Columbia's School of International and Public Affairs comprises more than 70 full-time faculty and more than 200 adjunct faculty, scholars, and practitioners. All have distinguished themselves in research and leadership in the policy world, and have produced scholarship in a wide variety of subjects, including international relations, democratization, elections, demography, and social policy.

July 2017|Journal of Labor Economics|Cristian Pop-Eleches, James Bisbee, Rajeev Dehejia, Cyrus Samii
July 2017|Foreign Affairs|Christopher Sabatini
July 2017|Ester R. Fuchs

Promoting a Cleaner and Healthier Harlem: Reducing Street Litter in the 125th Street Business Improvement District

July 2017|Economic Inquiry|Thomas Groll, Christopher J. Ellis
July 2017|American Economics Journal: Applied Economics|Bentley MacLeod, Miguel Urquiola, Evan Riehl, Juan Saavedrea
July 2017|Shang-Jin Wei, Rodolphe Desbordes
July 2017|World Politics Review|Christopher Sabatini
June 2017|Journal of International Affairs|Dirk Salomons

The worst is yet to come. Populism is trumping international solidarity. Nothing less than fundamental reforms can turn the tide: framing humanitarian crises as threats to national security, consolidating the separate humanitarian fiefdoms of the UN system, reorienting the so-called humanitarian values toward human rights, taxing all UN member states for their share to meet the UN's global humanitarian appeals, and linking the humanitarian response efforts to development. It is not just about saving lives, but about giving people their lives back.

June 2017|Climate Policy|Ruben Lubowski, Alexander Golub, Sabine Fuss, Jake Hiller, Nikolay Khabarov, Nicolas Koch, Andrey Krasovskii, Florian Kraxner, Timothy Laing, Michael Obersteiner, Charles Palmer, Pedro Piris-Cabezas, Wolf Heinrich Reuter, Jana Szolgayová, Luca Taschini, Johanna Wehkamp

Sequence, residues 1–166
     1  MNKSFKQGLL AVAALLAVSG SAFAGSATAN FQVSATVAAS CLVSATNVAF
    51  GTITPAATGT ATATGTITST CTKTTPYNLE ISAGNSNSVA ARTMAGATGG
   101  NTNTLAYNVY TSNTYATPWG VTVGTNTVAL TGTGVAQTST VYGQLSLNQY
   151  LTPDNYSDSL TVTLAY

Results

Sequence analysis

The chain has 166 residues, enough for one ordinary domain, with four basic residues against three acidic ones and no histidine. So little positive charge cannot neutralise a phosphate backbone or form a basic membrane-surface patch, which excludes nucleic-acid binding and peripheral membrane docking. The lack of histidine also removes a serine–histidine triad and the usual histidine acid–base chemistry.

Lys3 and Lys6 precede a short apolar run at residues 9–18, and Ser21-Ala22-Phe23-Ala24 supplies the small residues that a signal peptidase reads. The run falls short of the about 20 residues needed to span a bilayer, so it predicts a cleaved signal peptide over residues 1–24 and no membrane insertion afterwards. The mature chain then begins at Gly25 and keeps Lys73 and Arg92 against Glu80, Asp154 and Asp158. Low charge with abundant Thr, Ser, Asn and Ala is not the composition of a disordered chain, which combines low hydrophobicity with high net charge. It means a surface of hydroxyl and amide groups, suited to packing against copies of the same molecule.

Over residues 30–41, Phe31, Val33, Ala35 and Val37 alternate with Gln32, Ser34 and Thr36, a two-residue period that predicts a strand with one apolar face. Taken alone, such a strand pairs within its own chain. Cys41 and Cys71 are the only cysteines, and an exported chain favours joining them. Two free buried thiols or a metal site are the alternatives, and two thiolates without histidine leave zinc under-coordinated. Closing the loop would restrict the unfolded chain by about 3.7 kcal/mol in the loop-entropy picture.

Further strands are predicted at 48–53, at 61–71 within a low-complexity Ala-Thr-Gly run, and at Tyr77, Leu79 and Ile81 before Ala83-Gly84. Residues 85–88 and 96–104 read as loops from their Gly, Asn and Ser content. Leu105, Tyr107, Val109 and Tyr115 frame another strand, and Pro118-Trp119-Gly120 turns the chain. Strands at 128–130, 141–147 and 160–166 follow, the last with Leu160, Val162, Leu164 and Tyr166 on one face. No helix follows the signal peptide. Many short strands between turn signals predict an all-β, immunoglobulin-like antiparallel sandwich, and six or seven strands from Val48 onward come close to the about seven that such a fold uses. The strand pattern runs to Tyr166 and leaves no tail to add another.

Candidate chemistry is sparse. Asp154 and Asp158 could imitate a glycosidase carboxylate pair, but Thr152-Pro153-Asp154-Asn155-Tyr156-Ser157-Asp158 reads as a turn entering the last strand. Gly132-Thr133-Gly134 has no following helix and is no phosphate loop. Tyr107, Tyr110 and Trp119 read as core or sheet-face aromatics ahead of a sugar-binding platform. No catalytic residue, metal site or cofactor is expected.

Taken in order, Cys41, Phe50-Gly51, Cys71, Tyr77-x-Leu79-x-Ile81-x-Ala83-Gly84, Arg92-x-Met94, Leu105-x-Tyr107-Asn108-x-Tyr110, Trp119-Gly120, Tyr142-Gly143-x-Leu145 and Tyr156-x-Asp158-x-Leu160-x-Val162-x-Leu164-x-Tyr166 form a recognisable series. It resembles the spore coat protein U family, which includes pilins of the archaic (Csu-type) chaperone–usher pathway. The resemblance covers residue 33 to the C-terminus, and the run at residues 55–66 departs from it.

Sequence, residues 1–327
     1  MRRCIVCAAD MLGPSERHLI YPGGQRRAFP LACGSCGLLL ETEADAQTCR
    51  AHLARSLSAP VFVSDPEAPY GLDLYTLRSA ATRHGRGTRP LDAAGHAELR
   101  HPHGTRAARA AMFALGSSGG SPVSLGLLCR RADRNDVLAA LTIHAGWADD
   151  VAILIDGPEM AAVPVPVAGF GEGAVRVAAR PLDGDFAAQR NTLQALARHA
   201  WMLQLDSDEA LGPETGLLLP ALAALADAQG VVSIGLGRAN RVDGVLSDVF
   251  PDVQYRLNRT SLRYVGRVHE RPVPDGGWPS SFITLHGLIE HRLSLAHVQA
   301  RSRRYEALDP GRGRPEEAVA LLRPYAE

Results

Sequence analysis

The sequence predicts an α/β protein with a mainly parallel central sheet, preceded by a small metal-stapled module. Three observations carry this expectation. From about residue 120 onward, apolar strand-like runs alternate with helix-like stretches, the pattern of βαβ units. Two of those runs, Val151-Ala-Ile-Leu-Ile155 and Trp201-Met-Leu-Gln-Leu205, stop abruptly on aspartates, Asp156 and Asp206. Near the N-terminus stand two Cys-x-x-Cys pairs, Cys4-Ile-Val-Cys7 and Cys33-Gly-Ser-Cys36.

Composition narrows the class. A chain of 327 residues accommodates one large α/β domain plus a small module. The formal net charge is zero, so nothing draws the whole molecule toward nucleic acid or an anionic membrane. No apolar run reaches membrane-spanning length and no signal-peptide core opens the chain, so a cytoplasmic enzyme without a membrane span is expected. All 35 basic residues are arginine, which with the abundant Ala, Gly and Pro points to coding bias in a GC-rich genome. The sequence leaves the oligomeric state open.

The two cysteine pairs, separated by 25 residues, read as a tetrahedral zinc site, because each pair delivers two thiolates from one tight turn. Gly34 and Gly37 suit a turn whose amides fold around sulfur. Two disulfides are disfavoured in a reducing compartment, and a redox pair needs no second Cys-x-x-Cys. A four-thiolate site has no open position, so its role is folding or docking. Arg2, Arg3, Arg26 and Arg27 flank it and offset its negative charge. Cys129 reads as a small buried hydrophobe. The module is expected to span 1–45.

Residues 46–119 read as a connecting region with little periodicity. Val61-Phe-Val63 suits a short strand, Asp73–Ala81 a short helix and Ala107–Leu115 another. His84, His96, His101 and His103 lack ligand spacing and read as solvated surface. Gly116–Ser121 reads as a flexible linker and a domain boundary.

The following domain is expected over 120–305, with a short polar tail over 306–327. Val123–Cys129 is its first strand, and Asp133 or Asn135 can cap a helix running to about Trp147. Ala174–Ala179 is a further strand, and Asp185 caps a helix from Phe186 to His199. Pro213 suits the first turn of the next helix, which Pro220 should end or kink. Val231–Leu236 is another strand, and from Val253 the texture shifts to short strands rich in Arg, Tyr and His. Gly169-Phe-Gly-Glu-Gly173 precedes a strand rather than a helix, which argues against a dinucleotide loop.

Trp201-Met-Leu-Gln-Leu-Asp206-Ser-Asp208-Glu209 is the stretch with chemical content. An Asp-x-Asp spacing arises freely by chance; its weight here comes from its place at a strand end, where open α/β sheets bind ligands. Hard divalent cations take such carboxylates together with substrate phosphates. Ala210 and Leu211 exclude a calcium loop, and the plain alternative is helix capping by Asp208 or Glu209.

Climate policy uncertainty significantly hinders investments in low-carbon technologies, and the global community is behind schedule to curb carbon emissions. Strong actions will be necessary to limit the increase in global temperatures, and continued delays create risks of escalating climate change damages and future policy costs. These risks are system-wide, long-term and large-scale and thus hard to diversify across firms. Because of its unique scale, cost structure and near-term availability, Reducing Emissions from Deforestation and forest Degradation in developing countries (REDD+) has significant potential to help manage climate policy risks and facilitate the transition to lower greenhouse gas emissions. ‘Call’ options contracts in the form of the right but not the obligation to buy high-quality emissions reduction credits from jurisdictional REDD+ programmes at a predetermined price per ton of CO2 could help unlock this potential despite the current lack of carbon markets that accept REDD+ for compliance. This approach could provide a globally important cost-containment mechanism and insurance for firms against higher future carbon prices, while channelling finance to avoid deforestation until policy uncertainties decline and carbon markets scale up.

June 2017|Journal of Economic Literature|Miguel Urquiola, Dennis Epple, Richard E. Romano